Click here and follow us on our Facebook Page for updates as we continue to add more features you will love and enjoy and don’t forget to tag us in your videos, comments and reviews! All the best, The Alexa Wedding Planner Team

The Enterprise Blockchain

Recommended Content

Blockchain on Azure by Marley Gray

The blockchain, known for the architecture behind the creation of Bitcoin and seen by most as the next big bang in technology since the invention of the internet. But what is the blockchain you might be asking? I’m hoping by the end of this blog post you will have a great understanding of exactly what the Blockchain is and why it might be useful to your organisation along with how you might create your first successful blockchain.

What is the Blockchain?

The Blockchain is described as a shared, distributed ledger. The blockchain within one organisation is useless. Only when multiple organisations use the power of the blockchain to create a decentralised ledger, can the true potential of the blockchain technology start to be seen.

Shared – The more organizations or companies that participate in the blockchain the more valuable the Blockchain becomes. Data becomes vastly visible, accessible and immutable.

Distributed – There are many replicas of the blockchain database. The more replicas there are, the more authentic it becomes.

Ledger – The database is a read/write only database. Therefore, it is an immutable audit trail of every transaction that has happened.

Blockchain truly is a mechanism to bring everyone to the highest degree of accountability. No more missed transactions, human or machine errors. Even an exchange that was not done with the consent of the parties involved. – Ian Khan

The above quote by Ian Khan gives a good description of Blockchain technology. I see a technology that allows us to create transactions that are impervious to fraud and establishes a shared truth.

No one owns the blockchain and therefore the responsibility of the blockchain is shared between all organisations using the network. This is beneficial so let’s take Facebook as a good example: I upload a picture to Facebook and tell Facebook which friends should be able to see it and I expect Facebook to do roughly what I think it will do. Ultimately though, and ignoring some legal and ethical aspects, Facebook controls my data and can unilaterally evolve it (add to it, delete it, modify it) and I am unable to do anything about it. Of course, I feel that I have control, but ultimately it is still Facebook who owns and controls my data. On a Blockchain, this data cannot be manipulated by any one individual depending on the rules that govern the Blockchain.

Distributed ledgers are governed and controlled by rules

A distributed ledger has a set of rules that specify what new information is considered valid or not, and how participants should react to it. This set of rules could be thought of as a constitution.

Sometimes called the blockchain rules, network rules, or the rules of the ledger, these are pre-agreed technical rules about how new data is handled. Participants are subject to this constitution of rules when they create or join a distributed ledger network.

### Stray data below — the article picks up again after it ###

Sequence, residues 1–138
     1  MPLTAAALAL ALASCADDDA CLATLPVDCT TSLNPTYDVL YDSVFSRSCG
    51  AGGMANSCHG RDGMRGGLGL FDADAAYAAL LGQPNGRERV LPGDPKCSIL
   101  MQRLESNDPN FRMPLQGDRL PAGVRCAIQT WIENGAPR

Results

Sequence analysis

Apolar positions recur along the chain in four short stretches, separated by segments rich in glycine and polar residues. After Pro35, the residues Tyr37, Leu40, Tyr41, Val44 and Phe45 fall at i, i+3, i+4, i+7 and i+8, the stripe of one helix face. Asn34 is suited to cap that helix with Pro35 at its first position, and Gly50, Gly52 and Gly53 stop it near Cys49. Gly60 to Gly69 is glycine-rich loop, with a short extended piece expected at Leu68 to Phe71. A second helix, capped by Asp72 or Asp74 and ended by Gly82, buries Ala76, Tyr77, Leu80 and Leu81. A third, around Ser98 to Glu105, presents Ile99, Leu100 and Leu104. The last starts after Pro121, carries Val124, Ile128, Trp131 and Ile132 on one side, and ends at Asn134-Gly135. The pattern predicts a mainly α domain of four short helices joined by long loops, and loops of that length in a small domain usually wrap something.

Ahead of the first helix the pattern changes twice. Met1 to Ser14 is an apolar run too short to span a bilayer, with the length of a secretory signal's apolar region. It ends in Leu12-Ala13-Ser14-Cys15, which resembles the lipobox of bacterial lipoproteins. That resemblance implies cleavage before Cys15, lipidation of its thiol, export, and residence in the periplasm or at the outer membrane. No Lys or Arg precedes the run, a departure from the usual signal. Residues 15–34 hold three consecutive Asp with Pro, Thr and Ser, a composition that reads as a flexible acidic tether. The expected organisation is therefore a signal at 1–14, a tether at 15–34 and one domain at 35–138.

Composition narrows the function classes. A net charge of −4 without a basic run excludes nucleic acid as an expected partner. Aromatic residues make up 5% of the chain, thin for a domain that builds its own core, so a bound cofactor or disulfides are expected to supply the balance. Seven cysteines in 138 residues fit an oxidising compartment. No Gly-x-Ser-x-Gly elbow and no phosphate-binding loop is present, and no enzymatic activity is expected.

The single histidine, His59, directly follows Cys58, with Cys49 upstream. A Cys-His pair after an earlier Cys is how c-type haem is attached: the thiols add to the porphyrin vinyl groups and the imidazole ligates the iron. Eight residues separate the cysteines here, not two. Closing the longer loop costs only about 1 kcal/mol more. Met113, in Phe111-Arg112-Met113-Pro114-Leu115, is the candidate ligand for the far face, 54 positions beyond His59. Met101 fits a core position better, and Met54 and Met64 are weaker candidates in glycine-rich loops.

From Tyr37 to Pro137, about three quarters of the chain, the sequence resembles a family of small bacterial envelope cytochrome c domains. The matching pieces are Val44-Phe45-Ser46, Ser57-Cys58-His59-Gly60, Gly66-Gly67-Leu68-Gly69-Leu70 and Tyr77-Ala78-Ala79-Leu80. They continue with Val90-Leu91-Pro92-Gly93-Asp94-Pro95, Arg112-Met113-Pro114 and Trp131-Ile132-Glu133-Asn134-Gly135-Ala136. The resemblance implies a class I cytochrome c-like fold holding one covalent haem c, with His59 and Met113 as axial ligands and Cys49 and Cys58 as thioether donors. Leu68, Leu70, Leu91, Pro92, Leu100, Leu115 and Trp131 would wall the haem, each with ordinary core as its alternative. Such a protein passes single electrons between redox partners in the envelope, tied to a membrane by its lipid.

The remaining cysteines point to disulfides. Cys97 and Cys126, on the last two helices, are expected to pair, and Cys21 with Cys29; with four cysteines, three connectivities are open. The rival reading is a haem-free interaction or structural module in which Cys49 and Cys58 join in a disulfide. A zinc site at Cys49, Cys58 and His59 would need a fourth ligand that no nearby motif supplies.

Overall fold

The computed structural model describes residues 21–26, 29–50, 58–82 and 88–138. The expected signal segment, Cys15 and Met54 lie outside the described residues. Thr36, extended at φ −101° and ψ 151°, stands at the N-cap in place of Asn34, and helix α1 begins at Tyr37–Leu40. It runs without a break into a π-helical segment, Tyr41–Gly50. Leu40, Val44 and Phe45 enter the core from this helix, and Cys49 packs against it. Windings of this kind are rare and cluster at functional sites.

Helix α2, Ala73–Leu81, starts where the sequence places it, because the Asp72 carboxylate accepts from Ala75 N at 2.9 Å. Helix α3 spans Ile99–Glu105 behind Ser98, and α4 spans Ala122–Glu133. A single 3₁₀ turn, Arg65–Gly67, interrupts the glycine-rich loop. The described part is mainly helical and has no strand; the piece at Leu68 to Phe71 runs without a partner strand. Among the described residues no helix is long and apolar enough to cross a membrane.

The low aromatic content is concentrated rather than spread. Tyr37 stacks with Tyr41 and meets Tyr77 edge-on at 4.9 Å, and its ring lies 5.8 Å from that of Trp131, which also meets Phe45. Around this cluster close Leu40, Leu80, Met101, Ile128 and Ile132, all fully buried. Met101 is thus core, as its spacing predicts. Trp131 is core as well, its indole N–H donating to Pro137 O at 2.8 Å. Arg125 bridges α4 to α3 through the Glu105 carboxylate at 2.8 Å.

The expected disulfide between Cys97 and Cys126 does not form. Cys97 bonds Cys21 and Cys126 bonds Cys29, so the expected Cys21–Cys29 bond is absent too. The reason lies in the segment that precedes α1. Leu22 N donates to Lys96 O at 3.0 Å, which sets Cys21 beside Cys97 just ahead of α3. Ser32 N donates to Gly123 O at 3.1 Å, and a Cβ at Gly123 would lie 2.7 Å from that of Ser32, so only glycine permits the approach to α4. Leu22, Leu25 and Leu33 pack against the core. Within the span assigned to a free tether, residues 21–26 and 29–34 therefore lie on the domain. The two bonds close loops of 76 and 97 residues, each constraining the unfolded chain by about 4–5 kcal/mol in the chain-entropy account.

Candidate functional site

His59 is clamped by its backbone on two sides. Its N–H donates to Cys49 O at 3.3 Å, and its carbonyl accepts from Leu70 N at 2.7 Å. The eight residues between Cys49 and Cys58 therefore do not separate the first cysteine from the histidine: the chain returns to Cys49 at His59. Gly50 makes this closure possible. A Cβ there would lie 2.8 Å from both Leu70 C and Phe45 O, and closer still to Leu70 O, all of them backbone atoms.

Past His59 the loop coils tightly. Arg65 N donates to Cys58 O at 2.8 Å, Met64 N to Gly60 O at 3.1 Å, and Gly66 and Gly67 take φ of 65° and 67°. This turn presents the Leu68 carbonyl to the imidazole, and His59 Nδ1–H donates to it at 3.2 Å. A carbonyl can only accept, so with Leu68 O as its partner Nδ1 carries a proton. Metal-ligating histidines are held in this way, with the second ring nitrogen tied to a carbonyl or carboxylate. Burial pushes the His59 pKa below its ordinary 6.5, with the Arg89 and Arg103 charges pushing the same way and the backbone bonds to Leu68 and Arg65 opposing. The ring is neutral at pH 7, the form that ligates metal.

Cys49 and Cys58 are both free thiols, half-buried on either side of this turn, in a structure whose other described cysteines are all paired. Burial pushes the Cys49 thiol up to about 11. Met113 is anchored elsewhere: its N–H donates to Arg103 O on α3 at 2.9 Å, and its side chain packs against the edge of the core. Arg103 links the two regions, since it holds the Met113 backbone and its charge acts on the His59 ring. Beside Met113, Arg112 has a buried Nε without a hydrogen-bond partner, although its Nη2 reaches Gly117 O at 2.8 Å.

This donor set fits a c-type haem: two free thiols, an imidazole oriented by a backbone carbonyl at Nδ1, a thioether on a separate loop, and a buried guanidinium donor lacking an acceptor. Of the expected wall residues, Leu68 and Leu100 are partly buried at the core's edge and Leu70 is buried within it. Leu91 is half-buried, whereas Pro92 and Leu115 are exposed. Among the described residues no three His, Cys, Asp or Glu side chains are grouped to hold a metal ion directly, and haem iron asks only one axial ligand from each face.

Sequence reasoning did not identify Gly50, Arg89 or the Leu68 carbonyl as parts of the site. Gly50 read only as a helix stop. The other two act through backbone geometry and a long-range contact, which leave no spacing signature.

For example in bitcoin, one rule is the limit to the amount of data in one block of transactions. Another is the rule to submit a hash with a specific pattern, in order to create a valid block. A third is you can’t spend a bitcoin that you don’t have.

In a private distributed ledger network, one rule could be that no transaction is valid unless a minimum of three participants approves it with their digital signatures; or for certain assets to be signed every transaction. A participant in a private network may also have legal contractual commitments to the other participants, such as service-level agreements.

The key point is that the evolution of data in a distributed ledger network is that at a technical level; there are rules about how data is handled. Before distributed ledgers, single entities had total control over their data and commitments were made only at the legal contractual / terms-of-service level.

Are there any disadvantages of the Blockchain?

In Marley Gray’s presentation, found in the recommended content of this blog, he outlined that Bitcoin only computes 7 transactions a second. This demonstrates the computing power needed to operate a blockchain ledger. It is extremely slow in comparison to other databases out there for obvious reasons. As an example, just a single bitcoin transaction has been calculated to devour as much energy as what powers 1.57 US households for a day – roughly 5,000 times more energy-hungry than a typical credit card payment. Would you prefer to pay by cash, credit or planet-wide blackout?

Data within the Blockchain has to be deterministic. A block on the chain is propagated between nodes to verify its authenticity. If we have values that aren’t deterministic, then while this block propagates between thousands of nodes the value could change causing the chain to see the new block as fraudulent and prevent it from entering the chain.

Blockchain technology is expensive. I created a private blockchain on Azure and because of the infrastructure required it spun up five virtual machines which totalled £100 per month. This was only for a trial and if we wanted to do this on an industrial level you would incur a much bigger cost. On the public Blockchain, Bitcoin miners are picking up blocks (transactions) within 10 minutes for $0.44 a block. Cost can be reduced or increased based on the cost you assign to the block. If you don’t mind the transaction speed, you can place a lower transaction cost on the block or alternatively a higher cost.